Elementary relocation; problem for local neighbors? - Spokane, North Idaho News & Weather KHQ.com

Elementary relocation; problem for local neighbors?

SPOKANE, Wash. - To move or not to move? That really is the question on the South Hill, as neighbors and parents have very different opinions on what should happen to Jefferson Elementary School.

The Jefferson School modernization is just one of the many projects Spokane voters approved by passing the 2009 school bond.

A site selection steering committee is studying whether to renovate the existing school on the corner or 37th and Grand or build a new school on the Hart Field site.

If it's decided to renovated the existing school, students will be bused to another district site or sites. If a new school is built, the students will remain the current location until construction has been completed.

The committee is looking at two different locations for a new building. One would be on the north side of Hart Field, right across from Sacagawea Middle school. The other would be on the west side of Hart Field on the corner of 37th and Manito Boulevard. It's at that location where neighbors are standing up and putting up signs reading "Don't Move Jefferson School" in their yards.

"They're moving it right here on historic Manito Boulevard, a major walking area for the city and totally disrupt the area," said Sally Fullmer, who would live right across the street from where the school would be built. "The traffic is not set up to handle the traffic like it is on 37th, this would create another arterial."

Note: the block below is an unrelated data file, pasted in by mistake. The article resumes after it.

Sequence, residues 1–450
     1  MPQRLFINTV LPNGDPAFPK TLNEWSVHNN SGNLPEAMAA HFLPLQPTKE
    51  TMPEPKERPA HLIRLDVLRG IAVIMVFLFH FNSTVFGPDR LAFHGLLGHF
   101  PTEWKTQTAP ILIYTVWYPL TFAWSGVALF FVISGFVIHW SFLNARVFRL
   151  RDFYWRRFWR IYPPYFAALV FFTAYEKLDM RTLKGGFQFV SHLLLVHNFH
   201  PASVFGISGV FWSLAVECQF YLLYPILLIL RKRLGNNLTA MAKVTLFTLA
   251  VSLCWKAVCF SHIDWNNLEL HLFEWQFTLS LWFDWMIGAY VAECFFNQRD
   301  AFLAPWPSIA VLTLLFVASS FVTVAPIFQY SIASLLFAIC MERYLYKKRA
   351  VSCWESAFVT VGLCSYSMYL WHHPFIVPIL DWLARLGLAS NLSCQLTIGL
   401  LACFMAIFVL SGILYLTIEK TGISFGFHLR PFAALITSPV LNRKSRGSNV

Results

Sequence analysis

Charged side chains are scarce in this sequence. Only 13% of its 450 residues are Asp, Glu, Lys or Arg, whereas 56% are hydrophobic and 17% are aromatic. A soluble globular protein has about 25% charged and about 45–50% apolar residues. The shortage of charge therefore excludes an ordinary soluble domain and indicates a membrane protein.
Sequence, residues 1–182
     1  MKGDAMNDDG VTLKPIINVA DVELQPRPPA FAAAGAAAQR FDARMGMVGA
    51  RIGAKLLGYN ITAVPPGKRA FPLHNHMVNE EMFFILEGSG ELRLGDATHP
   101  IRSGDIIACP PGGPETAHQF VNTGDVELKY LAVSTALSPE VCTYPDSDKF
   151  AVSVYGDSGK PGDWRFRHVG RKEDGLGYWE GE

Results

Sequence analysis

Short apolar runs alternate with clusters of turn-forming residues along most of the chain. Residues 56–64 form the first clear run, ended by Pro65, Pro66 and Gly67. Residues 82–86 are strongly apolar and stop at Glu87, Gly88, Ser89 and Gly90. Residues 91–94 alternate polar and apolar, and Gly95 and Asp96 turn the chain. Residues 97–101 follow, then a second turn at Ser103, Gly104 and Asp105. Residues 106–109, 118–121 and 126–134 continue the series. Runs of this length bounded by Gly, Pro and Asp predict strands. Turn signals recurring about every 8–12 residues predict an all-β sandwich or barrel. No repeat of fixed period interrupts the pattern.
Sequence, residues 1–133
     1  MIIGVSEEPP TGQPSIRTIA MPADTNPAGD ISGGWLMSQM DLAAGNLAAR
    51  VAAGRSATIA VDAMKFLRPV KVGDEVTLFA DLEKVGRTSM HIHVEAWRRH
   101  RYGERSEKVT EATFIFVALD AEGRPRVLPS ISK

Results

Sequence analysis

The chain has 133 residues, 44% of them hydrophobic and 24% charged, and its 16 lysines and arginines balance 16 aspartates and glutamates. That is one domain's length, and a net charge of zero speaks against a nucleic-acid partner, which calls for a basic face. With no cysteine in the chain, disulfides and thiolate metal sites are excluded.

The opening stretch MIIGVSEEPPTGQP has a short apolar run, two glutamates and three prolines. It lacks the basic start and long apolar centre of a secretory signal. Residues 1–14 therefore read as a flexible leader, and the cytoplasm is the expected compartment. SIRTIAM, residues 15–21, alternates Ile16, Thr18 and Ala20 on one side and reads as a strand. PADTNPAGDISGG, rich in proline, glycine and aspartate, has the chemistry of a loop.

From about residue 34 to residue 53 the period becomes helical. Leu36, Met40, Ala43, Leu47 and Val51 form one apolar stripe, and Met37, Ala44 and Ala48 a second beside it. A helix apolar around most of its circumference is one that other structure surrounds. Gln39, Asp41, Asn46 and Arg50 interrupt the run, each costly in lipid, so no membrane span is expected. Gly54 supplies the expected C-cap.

However, some parents argue the busy traffic on 37th and Grand is a problem and it would be a good idea to move the school to a less traveled area.

Abby Roose says the west side location is ideal.

"It's the best option in terms of price, the cost would be a lot more to move students for a year and improve the sports field, not just move them," said Roose. "It saves the most trees and moves the school to a spot where there's less traffic."

A spokesperson with Spokane Public Schools said it is only in the fact finding stage right now and is looking for community input to help make a decision.

The school district plans on holding at least two more public meetings on the issue and are also inviting people to comment on its website, www.spokaneschools.org and the Jefferson Elementary website.

In June, Spokane Public Administrators are expected to make a recommendation to the school board based on the steering committee's study and community feedback.

If the decision is made to build a new Jefferson Elementary School, the old school will not be torn down. The district said it will make use of the historic 1908 building, possibly for administrative and support personnel use, or will sell it for commercial use with the restriction that the building be maintained.

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